Close to 200,000 poor families in 15 cold-weather states -- in every Northeastern state except New Hampshire -- can thank controversial Venezuelan President Hugo Chavez for helping them heat their homes this winter.
The Venezuelan-controlled oil-refining company, Citgo Petroleum Corp., donated 45 million gallons of free home heating oil this winter in a move that bought good publicity for the country's socialist leader, who famously called President Bush "the devil" in a 2006 United Nations speech.
But New Hampshire's lack of participation in this year's free-oil program shows that accepting oil from Chavez, a frequent critic of the U.S. government, touches a political nerve.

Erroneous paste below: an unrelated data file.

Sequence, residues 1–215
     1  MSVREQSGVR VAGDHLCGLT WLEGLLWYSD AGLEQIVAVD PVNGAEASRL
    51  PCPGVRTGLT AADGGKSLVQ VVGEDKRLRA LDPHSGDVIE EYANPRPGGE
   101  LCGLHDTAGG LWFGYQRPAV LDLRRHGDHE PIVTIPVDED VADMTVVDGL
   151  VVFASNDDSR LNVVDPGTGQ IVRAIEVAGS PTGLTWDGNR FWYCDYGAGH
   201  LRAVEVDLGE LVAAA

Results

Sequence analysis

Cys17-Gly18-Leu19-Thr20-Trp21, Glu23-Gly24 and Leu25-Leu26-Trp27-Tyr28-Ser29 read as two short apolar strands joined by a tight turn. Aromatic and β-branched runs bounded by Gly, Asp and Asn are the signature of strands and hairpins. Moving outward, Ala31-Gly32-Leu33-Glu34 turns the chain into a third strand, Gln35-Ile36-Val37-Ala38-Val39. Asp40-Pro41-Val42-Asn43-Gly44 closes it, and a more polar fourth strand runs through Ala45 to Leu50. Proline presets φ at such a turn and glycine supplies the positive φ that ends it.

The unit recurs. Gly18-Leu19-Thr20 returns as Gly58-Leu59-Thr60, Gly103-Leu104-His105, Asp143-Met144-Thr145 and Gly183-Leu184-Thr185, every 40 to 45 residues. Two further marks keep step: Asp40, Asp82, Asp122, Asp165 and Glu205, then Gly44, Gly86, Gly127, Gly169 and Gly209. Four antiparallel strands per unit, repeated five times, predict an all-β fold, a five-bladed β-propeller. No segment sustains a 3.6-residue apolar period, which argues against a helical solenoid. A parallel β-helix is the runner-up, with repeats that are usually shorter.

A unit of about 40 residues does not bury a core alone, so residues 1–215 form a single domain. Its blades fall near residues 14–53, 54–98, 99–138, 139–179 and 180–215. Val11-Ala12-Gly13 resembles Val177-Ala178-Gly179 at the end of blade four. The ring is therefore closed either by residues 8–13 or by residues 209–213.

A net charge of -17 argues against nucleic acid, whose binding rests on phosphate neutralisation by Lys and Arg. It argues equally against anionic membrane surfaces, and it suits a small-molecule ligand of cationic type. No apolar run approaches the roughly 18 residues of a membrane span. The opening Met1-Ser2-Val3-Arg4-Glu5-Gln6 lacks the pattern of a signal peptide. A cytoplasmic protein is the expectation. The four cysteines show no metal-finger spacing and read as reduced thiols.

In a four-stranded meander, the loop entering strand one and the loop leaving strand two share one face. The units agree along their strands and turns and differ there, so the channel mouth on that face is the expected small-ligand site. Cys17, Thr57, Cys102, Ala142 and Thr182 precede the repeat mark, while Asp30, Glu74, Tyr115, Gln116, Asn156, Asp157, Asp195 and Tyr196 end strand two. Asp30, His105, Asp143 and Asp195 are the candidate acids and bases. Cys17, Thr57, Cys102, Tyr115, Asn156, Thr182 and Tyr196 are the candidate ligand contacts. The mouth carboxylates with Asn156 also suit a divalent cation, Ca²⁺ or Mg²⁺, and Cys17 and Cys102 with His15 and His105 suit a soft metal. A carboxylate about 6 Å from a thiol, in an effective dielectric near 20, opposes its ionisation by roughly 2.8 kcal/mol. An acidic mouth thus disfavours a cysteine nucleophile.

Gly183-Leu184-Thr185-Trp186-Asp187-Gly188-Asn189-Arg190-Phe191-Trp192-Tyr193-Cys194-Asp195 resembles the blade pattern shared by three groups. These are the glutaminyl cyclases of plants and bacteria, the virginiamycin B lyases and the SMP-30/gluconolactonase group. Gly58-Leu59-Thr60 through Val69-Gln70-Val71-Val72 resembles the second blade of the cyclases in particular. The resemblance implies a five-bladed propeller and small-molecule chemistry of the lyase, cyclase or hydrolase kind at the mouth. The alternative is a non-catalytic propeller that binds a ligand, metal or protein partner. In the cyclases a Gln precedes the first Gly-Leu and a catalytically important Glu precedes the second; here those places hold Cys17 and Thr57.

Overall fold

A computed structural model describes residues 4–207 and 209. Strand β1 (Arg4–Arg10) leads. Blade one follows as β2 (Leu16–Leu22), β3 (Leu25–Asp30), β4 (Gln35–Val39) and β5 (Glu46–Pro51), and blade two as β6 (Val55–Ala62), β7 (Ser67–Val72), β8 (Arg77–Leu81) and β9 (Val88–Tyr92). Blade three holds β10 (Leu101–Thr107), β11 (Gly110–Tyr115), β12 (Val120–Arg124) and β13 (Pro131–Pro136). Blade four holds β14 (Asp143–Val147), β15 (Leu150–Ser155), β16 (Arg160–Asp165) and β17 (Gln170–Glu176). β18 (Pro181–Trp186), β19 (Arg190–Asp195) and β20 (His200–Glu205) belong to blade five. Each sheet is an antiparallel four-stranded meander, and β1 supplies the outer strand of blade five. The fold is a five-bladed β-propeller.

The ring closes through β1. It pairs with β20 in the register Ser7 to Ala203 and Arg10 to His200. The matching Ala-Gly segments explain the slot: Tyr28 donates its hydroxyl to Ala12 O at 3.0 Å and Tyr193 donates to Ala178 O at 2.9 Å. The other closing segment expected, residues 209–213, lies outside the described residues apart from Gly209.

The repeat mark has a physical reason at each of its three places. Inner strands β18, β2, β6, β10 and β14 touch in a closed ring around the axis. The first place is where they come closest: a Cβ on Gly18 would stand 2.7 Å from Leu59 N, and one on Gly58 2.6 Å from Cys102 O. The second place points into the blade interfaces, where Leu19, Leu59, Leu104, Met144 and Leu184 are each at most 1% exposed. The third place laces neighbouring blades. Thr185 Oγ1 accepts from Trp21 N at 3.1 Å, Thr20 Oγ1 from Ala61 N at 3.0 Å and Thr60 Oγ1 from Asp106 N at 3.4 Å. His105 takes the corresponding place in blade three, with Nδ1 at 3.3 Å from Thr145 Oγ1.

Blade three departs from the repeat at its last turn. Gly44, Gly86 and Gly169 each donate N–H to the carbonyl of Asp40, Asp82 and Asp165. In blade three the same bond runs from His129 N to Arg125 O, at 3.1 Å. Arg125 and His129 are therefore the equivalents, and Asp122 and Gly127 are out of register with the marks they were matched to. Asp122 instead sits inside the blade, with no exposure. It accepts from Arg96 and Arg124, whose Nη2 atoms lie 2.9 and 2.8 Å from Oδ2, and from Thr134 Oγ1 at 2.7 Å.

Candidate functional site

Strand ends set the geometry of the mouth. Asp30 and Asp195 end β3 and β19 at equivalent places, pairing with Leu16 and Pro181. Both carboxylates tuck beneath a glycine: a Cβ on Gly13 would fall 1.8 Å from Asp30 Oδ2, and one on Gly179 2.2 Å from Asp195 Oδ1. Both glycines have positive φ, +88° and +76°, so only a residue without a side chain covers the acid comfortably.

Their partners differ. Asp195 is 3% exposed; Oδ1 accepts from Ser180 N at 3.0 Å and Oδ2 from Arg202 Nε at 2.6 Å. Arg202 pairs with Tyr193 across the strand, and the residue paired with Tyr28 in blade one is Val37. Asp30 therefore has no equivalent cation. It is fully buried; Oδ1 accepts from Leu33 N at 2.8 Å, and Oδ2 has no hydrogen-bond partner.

"There's the thought that by participating we're somehow helping Venezuela and Chavez and that it's not something good for the U.S. government," said Gale Hennessey, director of Southern New Hampshire Services, which works with the state to administer aid to low-income households.
Venezuela's offer of free oil this winter came as the U.S. economy was slumping, federal assistance through the Low Income Home Energy Assistance Program (LIHEAP) had dropped and home heating-oil prices hit a record high at more than $3.50 a gallon, according to the U.S. Department of Energy's Energy Information Administration database of monthly prices since 1990.
The almost 200,000 American families helped by Venezuela this winter is small compared with the almost 6 million families helped through LIHEAP. But LIHEAP was able to help only about 16% of families needing assistance, so Venezuela's program helped to fill a void until its supplies were exhausted early this winter season.
Read the full report As U.S. Heating Aid Drops, Venezuela Chips In on Stateline.org's Web site.